4. Public transportation and bicycles

The cost of commuting to work and back can be deducted from your taxable income.

  • Bicycle: Many cantons have a flat deduction for bicycles (typically 700 francs). Some cantons have limitations: In Glarus, for example, you cannot claim the bicycle deduction if your workplace is less than 10 minutes by foot from your home.
  • Public transportation: If you commute to work by train, bus, or tram, you can generally deduct the actual costs of public transportation from your taxable income.
  • Car: If you commute by car, you can deduct the costs if certain criteria are met.

In the canton of Zurich, for example, one of these criteria must be met in order for you to deduct the costs of commuting by car:

  • The next public transportation terminal is more than one kilometer from your home or workplace.
  • Public transportation is not operational ahead of or after your work hours.
  • Driving to work by car is at least one hour faster than getting to work by public transportation.
  • Your employer requires that you use your private car during work hours, and compensates you for this.
  • Illness or frailty prevents you from using public transportation.

Other cantons have similar rules.

It is normally possible to deduct both the cost of public transportation and the flat fee for bicycles. In some cases, claiming both the public transportation and car deductions is allowed. That could be the case if, for example, you use your car to drive to the train station, from where you continue your commute by train.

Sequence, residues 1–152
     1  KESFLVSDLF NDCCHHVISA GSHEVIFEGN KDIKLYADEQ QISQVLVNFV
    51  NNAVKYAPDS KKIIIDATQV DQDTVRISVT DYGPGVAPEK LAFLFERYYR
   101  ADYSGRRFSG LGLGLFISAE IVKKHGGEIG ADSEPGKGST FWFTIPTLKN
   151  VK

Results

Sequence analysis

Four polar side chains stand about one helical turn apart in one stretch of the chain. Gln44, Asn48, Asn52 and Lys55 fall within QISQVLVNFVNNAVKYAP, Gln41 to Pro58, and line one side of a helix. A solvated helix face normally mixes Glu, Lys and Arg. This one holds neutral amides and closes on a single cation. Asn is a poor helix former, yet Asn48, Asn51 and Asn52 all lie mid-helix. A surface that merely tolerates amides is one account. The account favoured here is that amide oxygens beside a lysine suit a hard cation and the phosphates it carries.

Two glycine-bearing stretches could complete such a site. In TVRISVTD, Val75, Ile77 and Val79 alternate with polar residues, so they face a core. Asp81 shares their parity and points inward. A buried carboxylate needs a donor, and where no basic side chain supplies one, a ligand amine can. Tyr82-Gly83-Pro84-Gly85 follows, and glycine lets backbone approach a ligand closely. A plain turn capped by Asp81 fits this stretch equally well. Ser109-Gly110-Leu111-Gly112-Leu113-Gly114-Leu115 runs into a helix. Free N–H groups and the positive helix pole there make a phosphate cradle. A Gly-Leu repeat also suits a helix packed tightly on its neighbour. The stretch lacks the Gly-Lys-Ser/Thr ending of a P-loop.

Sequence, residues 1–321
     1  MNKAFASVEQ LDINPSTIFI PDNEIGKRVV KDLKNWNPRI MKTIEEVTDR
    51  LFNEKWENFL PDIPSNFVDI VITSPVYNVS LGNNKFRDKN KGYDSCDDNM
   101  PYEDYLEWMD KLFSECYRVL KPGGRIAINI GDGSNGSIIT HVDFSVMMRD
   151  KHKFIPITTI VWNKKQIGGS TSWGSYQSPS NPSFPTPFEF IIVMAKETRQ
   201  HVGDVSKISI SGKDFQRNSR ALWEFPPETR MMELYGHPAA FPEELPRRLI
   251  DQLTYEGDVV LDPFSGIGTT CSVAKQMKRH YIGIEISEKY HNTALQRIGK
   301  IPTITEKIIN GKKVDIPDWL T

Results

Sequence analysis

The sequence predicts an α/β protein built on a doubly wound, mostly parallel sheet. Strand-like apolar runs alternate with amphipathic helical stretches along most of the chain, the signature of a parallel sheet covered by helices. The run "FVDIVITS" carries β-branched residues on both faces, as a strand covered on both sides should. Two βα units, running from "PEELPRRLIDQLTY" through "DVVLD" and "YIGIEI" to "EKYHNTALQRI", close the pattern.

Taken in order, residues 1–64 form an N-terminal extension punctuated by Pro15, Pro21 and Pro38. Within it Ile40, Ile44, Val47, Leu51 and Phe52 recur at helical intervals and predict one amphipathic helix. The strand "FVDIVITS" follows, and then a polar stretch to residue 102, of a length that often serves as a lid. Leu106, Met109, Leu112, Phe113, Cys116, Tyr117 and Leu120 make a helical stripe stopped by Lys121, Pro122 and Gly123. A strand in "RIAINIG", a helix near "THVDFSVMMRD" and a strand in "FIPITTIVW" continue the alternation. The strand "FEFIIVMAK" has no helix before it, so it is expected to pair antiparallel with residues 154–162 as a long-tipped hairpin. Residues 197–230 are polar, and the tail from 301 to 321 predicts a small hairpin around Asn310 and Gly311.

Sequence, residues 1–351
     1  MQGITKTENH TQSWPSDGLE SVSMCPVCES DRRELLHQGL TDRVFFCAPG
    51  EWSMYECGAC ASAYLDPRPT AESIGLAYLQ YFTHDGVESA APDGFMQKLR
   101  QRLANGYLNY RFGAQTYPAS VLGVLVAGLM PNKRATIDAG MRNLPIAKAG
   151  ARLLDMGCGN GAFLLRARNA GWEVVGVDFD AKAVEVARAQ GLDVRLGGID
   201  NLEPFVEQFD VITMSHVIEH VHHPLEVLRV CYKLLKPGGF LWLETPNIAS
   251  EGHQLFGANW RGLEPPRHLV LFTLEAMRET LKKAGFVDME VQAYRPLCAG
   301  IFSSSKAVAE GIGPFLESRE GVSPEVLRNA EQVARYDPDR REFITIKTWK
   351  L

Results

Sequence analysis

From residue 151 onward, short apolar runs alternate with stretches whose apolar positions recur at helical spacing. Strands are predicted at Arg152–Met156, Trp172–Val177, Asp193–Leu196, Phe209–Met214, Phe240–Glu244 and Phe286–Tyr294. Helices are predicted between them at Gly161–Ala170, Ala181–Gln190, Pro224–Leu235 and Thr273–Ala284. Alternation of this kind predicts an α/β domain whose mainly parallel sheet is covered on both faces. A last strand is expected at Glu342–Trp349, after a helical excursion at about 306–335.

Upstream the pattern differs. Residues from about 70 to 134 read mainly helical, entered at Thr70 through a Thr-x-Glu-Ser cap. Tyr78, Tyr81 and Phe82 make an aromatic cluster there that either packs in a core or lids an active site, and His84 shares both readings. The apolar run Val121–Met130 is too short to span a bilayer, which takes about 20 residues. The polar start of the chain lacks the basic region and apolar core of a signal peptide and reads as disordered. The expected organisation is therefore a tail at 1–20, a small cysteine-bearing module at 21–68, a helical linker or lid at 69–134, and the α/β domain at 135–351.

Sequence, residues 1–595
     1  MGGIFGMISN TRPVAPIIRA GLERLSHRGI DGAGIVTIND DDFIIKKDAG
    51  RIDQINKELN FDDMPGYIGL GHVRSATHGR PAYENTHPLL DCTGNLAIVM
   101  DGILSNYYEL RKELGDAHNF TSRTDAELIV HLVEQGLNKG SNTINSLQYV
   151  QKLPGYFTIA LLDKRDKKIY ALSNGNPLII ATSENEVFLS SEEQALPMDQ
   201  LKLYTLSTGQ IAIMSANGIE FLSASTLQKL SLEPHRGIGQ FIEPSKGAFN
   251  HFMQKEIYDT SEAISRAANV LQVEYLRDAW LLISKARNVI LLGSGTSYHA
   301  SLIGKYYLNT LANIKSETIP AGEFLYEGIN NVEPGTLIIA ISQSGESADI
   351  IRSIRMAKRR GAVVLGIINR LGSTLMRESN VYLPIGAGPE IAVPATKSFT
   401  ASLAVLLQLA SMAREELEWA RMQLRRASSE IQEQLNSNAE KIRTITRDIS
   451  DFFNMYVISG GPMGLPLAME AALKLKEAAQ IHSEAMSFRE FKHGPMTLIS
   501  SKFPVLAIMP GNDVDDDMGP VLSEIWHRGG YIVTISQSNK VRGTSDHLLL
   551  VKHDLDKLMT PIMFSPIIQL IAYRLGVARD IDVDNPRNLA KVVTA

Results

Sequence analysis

The commuting deduction is capped at a maximum amount regardless of which form of transportation you use. This limit is 3200 francs for federal income tax. In the canton of Zurich, the cantonal tax limit is 5000 francs.

5. Part-time jobs

Income which you earn from an additional, part-time job has to be taxed in full. The federal government and some cantons let you deduct 20 percent of your side salary towards occupational costs as a flat deduction. The requirement is that the deduction is at least 800 francs for one tax year, which is possible if you earn 4000 francs or more from a part-time employment. The flat deduction is limited to 2400 francs. If you want to deduct more than that, you need to provide documents to prove your expenses.

6. Various occupational expenses

Aside from costs for continuing education and commuting, there are many more work-related costs which are tax-deductible. These include spending on required clothing, workplace meals, and necessary computers and reference books. Depending on the cost in question, you can either claim a flat deduction or deduct the effective costs (proof is required for the latter).